16 June 2020 :
The United States Department of Justice scheduled 4 executions in July and August. These executions are unlikely to occur. Hopefully they would be the first federal executions in 17 years. Trump, a supporter of the death penalty since he was only an entrepreneur and buying advertising pages in newspapers urging the execution of 4 young blacks (later acquitted), insists on wanting to reactivate federal executions. Today the United States Attorney General William Barr has announced that he has set the date of 4 executions for July and August of this year. The executions are unlikely to be carried out: a series of appeals hangs over the federal execution protocol, which the administration's activism has only partially resolved.
"The four murderers whose executions are scheduled today have received full and fair proceedings under our Constitution and laws," said Attorney General William Barr in a statement. "We owe it to the victims of these horrific crimes, and to the families left behind, to carry forward the sentence imposed by our justice system."
All 4 of them killed minors, and all 4 of them are White. Daniel Lewis Lee murdered a family of three, including an eight-year-old girl. He's been on death row since 1999; his execution is scheduled for July 13. Wesley Ira Purkey, who raped and murdered a 16-year-old girl, will be put to death on July 15. Dustin Lee Honken, who shot and killed five people, will be executed July 17. Keith Dwayne Nelson, who kidnapped, raped and strangled a 10-year-old girl to death with a wire, will be executed Aug. 28.
Federal executions have been exceedingly rare in recent decades. According to the Death Penalty Information Center, only three have taken place since the federal death penalty was reinstated in 1988. All of those executions were carried out during the George W. Bush administration.
In 2014, President Barack Obama ordered a revision of the execution protocols (see HoC 02/05/2014). The review stemmed from the fact that federal executions should have followed the same procedure that had recently caused a so-called "botched execution" in Oklahoma, that of Clayton Lockett (see HoC 29/04/2014), who died after more than an hour.
On July 25, 2019 (see) Barr announced that the review had ended, and the government intended to resume the executions, the latest of which was carried out in 2003. At the same time, again on July 25 (see) the BOP (Federal Bureau of Prisons) announced the adoption of a new protocol. On November 21, 2019 (see) United States District Court Judge Tanya S. Chutkan for the District of Columbia issued a preliminary injunction blocking executions pending appeals against the federal protocol were complete, assuming, which the judge had shared, that the Justice Department and BOP did not have the legal authority to unilaterally establish a new protocol.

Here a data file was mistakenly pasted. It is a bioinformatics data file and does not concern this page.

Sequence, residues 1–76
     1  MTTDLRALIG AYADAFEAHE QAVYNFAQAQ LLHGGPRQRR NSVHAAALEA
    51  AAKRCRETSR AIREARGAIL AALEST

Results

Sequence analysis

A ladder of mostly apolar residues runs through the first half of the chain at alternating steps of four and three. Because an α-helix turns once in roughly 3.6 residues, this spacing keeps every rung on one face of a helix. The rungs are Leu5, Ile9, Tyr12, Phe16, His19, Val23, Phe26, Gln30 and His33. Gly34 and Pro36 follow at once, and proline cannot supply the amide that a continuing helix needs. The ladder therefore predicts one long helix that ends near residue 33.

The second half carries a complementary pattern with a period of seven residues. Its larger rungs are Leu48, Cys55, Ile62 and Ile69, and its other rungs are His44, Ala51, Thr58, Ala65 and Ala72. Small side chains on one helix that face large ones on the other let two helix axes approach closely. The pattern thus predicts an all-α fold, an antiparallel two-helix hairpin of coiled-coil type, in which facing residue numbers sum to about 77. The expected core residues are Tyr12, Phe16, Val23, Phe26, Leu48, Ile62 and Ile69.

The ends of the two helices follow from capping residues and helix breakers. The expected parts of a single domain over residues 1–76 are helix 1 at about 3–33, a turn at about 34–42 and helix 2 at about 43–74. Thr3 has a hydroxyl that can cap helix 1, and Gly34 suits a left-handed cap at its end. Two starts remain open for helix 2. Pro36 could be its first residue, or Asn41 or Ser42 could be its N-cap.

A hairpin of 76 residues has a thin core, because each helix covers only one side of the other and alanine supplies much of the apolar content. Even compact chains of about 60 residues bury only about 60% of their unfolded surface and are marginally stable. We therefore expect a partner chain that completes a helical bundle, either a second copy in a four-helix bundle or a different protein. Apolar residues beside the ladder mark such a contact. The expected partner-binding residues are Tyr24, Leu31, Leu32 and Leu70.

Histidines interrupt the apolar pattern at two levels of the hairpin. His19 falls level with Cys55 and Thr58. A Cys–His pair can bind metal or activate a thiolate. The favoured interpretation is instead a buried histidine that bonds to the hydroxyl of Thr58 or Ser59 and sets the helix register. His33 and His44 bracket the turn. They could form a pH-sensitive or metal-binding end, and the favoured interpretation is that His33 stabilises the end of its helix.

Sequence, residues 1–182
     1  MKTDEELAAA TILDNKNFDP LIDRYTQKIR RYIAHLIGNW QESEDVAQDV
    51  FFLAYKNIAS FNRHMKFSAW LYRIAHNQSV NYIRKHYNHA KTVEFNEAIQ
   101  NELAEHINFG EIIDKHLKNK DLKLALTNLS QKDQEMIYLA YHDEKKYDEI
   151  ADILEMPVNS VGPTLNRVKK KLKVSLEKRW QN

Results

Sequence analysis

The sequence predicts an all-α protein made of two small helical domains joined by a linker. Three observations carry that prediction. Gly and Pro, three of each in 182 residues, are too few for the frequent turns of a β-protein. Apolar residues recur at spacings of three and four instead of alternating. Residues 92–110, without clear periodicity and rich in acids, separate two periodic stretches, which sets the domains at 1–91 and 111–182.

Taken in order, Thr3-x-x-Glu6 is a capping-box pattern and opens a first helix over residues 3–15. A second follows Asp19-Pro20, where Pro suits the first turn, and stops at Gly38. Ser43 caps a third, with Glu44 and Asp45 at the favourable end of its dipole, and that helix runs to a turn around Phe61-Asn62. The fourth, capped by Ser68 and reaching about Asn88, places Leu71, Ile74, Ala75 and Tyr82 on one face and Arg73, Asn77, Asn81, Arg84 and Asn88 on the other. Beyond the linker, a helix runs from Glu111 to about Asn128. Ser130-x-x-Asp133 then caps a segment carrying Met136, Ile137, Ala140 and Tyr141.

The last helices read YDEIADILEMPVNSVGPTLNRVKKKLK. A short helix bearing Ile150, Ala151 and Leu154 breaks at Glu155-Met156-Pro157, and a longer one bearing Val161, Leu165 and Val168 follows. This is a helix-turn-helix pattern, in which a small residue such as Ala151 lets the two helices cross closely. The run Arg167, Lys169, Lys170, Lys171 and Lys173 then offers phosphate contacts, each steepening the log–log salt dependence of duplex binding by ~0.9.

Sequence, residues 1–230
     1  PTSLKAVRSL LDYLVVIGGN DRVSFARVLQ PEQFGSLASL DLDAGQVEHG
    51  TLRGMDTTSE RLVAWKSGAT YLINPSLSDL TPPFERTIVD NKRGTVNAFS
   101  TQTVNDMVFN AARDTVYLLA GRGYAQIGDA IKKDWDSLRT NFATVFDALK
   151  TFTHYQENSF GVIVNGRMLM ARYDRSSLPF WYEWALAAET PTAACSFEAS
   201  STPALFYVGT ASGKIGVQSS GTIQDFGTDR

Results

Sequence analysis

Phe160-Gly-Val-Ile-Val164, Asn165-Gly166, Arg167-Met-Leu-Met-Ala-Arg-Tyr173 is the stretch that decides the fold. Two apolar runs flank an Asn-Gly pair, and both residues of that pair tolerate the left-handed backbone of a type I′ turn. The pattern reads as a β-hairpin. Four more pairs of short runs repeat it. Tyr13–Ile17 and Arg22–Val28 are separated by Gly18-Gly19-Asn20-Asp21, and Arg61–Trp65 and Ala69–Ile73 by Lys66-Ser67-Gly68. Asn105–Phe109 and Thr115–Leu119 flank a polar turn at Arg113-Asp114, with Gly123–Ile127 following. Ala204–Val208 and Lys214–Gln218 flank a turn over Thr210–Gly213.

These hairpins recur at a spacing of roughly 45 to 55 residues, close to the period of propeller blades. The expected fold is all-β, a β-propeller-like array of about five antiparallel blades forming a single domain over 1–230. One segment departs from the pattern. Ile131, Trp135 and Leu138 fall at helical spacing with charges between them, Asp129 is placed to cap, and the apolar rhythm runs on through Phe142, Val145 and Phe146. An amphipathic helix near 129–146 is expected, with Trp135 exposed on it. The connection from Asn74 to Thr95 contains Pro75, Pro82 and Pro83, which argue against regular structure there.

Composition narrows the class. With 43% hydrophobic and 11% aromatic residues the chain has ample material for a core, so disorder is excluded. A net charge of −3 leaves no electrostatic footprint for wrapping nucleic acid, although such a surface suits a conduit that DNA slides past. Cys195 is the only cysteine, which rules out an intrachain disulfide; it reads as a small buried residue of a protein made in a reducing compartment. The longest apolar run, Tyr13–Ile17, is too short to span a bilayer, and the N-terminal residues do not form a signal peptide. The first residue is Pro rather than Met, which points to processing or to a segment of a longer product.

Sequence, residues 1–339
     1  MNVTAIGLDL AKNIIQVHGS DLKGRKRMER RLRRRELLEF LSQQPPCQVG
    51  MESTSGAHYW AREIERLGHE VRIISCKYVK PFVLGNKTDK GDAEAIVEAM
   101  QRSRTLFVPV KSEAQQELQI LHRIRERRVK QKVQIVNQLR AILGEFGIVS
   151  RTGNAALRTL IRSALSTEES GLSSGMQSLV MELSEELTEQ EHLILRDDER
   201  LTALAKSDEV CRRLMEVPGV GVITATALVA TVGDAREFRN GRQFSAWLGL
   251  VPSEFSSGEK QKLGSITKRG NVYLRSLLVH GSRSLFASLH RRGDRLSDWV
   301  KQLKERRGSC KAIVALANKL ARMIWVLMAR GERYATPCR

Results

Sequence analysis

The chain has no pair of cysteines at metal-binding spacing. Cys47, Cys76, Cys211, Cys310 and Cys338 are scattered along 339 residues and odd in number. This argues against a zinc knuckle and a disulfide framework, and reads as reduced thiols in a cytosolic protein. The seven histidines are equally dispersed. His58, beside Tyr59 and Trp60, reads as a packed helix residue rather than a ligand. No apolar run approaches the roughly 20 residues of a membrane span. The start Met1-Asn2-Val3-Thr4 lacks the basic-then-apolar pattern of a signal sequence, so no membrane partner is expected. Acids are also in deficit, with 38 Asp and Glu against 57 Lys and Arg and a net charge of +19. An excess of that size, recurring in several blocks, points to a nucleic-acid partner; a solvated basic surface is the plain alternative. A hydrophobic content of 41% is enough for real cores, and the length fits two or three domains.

On December 2, 2019 (see) the U.S. Court of Appeals for the D.C. Circuit (the federal court that has jurisdiction over Washington DC) dismissed the Administration's appeal 3-0, which had appealed to the Supreme Court, which, in turn, on December 6 (see) had confirmed the validity of the suspension. On April 7, 2020 (see) the federal appeals court changed its mind and, with the favorable vote of 2 judges appointed by Trump, voted 2-1 to cancel the injunction.
The two judges nominated by Trump, Gretory Katsas, appointed in 2017, and Neomi Rao, appointed in 2019, had voted in favor. Judge David Tatel, nominated by Bill Clinton, voted against. The ruling of April 7 did not give the go-ahead to executions, only established that the BOP has the authority to modify the protocol. The same sentence, however, referred the case back to Judge Chutkan to go into the specifics of the changes proposed by the BOP. This, even then, suggested that the issue could not be resolved quickly. Barr's ostentatious security is perhaps a "weapon of mass distraction" at a time when Trump's "law and order" line shows obvious limitations with the demonstrations of "Black Lives Matter". Barr's statement comes on the same day that Trump announces an executive order "to bring order to the police force." In fact, it appears that Trump wanted to appear faster than the House and Senate, which are studying a reform of the police force, but for the moment Trump's proposal contains little more than the promise to "create registers where reports of abuse are noted."